UCF hopes to create mask coating that catches, kills COVID-19

Coronavirus has caused 83,000 deaths worldwide

ORLANDO, Fla. – UCF researchers are working to create a protective coating for masks protecting doctors and nurses that would catch COVID-19 and kill it within seconds.

Sudipta Seal, an engineer specializing in material science and nanotechnology, came up with the idea and is working with Griffith Parks, a virologist who leads research efforts at UCF’s College of Medicine.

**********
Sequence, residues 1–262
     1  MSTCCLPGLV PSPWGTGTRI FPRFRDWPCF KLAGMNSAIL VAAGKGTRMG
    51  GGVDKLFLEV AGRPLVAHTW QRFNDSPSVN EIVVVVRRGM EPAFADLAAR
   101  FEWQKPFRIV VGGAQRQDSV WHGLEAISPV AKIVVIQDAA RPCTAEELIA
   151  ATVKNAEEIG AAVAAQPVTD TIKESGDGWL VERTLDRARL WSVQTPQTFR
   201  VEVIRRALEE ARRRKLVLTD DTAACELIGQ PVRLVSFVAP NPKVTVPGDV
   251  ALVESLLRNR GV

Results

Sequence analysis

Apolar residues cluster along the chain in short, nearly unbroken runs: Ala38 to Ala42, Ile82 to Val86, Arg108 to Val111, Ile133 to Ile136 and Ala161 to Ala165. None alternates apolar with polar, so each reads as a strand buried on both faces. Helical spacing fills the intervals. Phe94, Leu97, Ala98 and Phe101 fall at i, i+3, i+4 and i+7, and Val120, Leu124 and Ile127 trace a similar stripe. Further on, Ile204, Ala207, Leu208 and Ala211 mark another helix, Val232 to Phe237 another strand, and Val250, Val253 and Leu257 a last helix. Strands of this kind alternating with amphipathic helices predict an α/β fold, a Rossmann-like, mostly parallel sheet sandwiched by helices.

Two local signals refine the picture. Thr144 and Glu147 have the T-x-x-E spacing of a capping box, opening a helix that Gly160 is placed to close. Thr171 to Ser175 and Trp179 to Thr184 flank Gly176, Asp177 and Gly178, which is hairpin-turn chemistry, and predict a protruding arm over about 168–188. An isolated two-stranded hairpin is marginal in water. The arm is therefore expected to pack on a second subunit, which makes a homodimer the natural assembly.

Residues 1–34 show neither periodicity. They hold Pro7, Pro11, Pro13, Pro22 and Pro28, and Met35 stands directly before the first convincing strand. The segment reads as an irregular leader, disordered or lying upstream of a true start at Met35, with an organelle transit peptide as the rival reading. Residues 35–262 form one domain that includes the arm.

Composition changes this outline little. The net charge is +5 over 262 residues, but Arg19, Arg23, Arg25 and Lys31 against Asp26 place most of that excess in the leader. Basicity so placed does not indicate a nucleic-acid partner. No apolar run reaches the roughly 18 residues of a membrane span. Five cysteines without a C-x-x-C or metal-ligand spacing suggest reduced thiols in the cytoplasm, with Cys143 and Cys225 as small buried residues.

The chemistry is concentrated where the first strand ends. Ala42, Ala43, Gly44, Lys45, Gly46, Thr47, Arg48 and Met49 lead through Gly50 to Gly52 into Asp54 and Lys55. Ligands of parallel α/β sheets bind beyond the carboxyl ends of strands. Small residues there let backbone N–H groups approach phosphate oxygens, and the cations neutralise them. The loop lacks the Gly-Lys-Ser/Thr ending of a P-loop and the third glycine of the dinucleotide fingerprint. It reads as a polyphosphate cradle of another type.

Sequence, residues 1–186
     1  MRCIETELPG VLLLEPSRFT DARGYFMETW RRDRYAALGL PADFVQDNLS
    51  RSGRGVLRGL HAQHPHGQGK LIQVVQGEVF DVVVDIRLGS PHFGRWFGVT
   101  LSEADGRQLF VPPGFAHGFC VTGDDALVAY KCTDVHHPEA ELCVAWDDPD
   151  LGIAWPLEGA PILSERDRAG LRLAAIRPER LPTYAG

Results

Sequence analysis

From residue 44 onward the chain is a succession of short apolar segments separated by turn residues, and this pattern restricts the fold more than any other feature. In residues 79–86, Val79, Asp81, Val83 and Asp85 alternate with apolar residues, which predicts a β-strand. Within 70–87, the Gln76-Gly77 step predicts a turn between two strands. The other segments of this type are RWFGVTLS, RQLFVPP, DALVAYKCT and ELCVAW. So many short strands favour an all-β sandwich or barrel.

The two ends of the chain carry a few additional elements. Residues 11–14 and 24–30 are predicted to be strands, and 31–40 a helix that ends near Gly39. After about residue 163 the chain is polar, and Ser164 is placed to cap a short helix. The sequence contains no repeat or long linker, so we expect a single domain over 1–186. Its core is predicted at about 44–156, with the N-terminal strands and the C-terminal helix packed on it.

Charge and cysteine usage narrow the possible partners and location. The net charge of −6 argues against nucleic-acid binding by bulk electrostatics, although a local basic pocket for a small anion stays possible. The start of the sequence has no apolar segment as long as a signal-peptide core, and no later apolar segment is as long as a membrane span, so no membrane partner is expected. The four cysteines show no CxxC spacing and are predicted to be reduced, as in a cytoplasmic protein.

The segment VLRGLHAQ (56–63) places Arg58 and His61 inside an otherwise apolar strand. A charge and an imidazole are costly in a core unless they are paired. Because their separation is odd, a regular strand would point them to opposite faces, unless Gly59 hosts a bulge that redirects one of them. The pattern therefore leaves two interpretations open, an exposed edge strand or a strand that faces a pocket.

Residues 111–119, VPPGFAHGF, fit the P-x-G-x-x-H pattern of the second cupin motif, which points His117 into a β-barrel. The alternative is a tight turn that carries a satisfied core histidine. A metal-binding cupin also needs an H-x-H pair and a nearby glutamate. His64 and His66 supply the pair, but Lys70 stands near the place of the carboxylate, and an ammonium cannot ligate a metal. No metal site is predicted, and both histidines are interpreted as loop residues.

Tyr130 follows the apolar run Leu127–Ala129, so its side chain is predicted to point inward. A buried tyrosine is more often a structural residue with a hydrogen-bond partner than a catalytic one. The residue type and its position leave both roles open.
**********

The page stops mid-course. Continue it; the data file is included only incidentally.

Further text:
The National Science Foundation funded Seal’s idea last week, approving the research proposal through a rapid review process that took about a month.

“Why not come up with a protective film made of nanostructures that could catch and kill the virus?” Seal said. “I could come up with the nanoparticles, I was sure, but would the concept work with a virus? I called Dr. Parks and yes, he thought it could work.”

Seal will create nanostructures that can capture the virus and then trigger a chemical reaction using ultraviolet light to destroy it.

“The hypothesis is that UV generation locally from these particles will inactivate the virus,” Seal said.

If successful, the coating could be added to masks, gloves and gowns, which could keep healthcare providers safer as they battle COVID-19.


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